8. Go to a concert: Amsterdam has a surprisingly cultivating music scene. There’s always a big headliner performing in Amsterdam. Cough Cough….Beyonce and Jay-z.


9. Visit Anne Frank’s House. If you didn’t already know, the house Anne Frank and her family spent years of hiding in, is located right in the center of Amsterdam. Relive a humbling part of world history by touring the four walls that birthed The Diary of Anne Frank.


10. Check out the Van Gough Museum: Even if you know absolutely nothing about art, you’ll recognize something in the Van Gough Museum. Surprise your folks back home by doing something cultural in Amsterdam.



Europe Through Movies: Italian Edition

By Endsley Eggert and Courtney Gallant

One way to explore Europe is through cinema. Our first stop? Italy! Let’s travel North from Southern Italy as we check out these movies to get a glimpse of the beautiful Tuscan countryside, canal-lined streets of Venice, the architecture of Rome and much, much more!

The Godfather (Sicily, Italy)

The aging patriarch of an organized crime dynasty transfers control of his empire to his reluctant son. Discover the incredible Sicily with the most powerful family in the business in The Godfather.


The Lizzie McGuire Movie (Rome, Italy)

It’s a dream come true to visit the ‘Eternal City’ of Rome but even more of a fairytale for Lizzie McGuire who bears a striking resemblance to Italian teen pop star, Isabella. Lizzie and her friends have a whirlwind adventure through the ancient churches and basilicas, grand Roman monuments, and graceful fountains because of Lizzie’s newfound fame. They bring a new meaning to “When in Rome…”


Gladiator (Rome, Italy)

Visit Rome in the height of the Roman Empire: gladiators, emperors, and chariots galore. Russell Crowe takes us back in time as he seeks revenge on the betrayal of a Roman general, his murdered family, and the emperor’s corrupt son in Gladiator.


Roman Holiday (Rome, Italy)

Joe Bradley, an American newspaper reporter stationed in Rome, finds a girl fast asleep on a public bench. He takes her back to his apartment, unaware that she is Princess Anne who has just escaped from her boring and sheltered life. Fall in love with Rome as Joe and Anne fall in love with each other in Roman Holiday.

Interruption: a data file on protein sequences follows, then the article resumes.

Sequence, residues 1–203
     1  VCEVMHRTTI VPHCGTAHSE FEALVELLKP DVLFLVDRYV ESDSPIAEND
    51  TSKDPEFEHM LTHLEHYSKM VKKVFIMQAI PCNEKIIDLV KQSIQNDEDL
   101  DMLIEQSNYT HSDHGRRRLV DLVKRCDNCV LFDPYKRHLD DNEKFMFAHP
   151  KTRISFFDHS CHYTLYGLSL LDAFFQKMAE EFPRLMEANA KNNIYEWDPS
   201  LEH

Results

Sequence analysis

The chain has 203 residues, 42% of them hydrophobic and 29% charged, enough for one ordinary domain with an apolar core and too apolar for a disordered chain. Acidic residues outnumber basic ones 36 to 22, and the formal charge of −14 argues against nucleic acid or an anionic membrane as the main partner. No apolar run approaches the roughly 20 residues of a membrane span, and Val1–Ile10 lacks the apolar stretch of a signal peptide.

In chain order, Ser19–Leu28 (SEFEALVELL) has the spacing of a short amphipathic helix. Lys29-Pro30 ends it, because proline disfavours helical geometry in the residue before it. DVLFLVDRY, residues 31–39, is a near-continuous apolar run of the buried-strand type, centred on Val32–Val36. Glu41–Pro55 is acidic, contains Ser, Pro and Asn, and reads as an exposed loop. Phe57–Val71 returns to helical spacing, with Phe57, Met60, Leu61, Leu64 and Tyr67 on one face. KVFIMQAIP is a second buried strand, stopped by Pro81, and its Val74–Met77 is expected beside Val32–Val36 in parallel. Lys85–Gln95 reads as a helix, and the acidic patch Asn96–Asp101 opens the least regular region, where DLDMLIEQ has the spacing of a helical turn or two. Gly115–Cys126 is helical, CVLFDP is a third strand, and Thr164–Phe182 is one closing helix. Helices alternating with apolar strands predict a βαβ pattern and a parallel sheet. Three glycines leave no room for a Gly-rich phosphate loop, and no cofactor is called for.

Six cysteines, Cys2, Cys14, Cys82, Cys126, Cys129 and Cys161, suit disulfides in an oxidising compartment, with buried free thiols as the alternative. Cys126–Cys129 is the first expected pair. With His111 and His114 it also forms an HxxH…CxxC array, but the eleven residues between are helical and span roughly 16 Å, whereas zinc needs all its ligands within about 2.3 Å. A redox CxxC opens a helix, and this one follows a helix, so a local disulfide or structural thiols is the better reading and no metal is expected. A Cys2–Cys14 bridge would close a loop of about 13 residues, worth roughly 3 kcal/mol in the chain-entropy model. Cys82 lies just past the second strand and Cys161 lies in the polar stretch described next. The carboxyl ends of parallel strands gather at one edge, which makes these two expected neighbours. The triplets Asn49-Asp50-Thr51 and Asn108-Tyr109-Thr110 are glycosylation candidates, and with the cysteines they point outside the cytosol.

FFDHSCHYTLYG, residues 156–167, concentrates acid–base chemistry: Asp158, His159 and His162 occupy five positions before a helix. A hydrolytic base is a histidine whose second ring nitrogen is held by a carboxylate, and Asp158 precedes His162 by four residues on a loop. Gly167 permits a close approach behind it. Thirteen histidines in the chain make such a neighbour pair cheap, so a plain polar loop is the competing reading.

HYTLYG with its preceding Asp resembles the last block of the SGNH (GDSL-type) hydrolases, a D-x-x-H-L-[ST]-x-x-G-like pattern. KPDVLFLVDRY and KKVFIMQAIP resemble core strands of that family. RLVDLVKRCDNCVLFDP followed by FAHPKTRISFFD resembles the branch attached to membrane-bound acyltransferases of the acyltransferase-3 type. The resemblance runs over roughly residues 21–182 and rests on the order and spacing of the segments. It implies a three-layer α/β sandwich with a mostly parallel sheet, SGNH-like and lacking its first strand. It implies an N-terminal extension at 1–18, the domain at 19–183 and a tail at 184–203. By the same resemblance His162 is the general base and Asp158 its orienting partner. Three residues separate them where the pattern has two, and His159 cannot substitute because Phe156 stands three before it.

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To Rome with Love (Rome, Italy)

Get to know the romantic city of Rome on a personal level through the intertwining stories of a worker, architect, young couple and opera director. Following the lives of visitors and residents of Rome through their romances, adventures, and predicaments will leave you feeling right at home in To Rome with Love.


Angels & Demons (Vatican City, Italy)

The Holy City is under attack by the secret brotherhood, the Illuminati. Gain access to restricted areas of Vatican City when we follow Harvard symbologist Robert Langdon (Tom Hanks) as he deciphers clues to a catastrophic conspiracy. Race through hidden passageways, read in the Vatican Secret Archives, and try to save the lives of the four preferitti in Angels & Demons.


Eat Pray Love (Rome and Naples, Italy)

Elizabeth Gilbert, played by Julia Roberts,  travels to Italy, India, and Indonesia on a journey to find herself again in Eat, Pray, Love. Elizabeth spends the first 4 months of her trip regaining her love for food. And what better place to do that than in Italy? Not only will this movie make you want to take the next train to Rome or Naples, but it will have you salivating as well.


Under the Tuscan Sun (Tuscany)

A struggling writer, Frances Mayes, decides to buy an old villa in Tuscany that matches her shambled life. Through restoring her new home, she eventually finds the fulfillment she was longing for. Take a journey through the beautiful Tuscan countryside in Under the Tuscan Sun. The charming low hills covered in olive groves, vineyards, and beautiful old villas will have you running to the nearest realtor so you can move into one yourself.


The Tourist (Venice, Italy)

Venice is considered by many to be one of the most beautiful cities. Tourists flock from all over the world to take a gondola ride through the canals, visit the glass blower’s’ shop and relax in Piazza San Marco. Experience Venice as never before through this high-speed, action-filled movie of one tourist in the right place, at the wrong time. Johnny Depp, Angelina Jolie, and a band of Russian mobsters guarantee a heart stopping view of Venice in The Tourist.


The Italian Job (Venice, Italy)

Did The Tourist leave you wanting more high-speed action in Venice? Never fear: Mark Wahlberg and Donald Sutherland are here! They’ve assembled a team for one last gold heist of $35 million in gold bars. Race through the canaled streets of Venice in The Italian Job.


The Talented Mr. Ripley (Sanremo and Venice, Italy)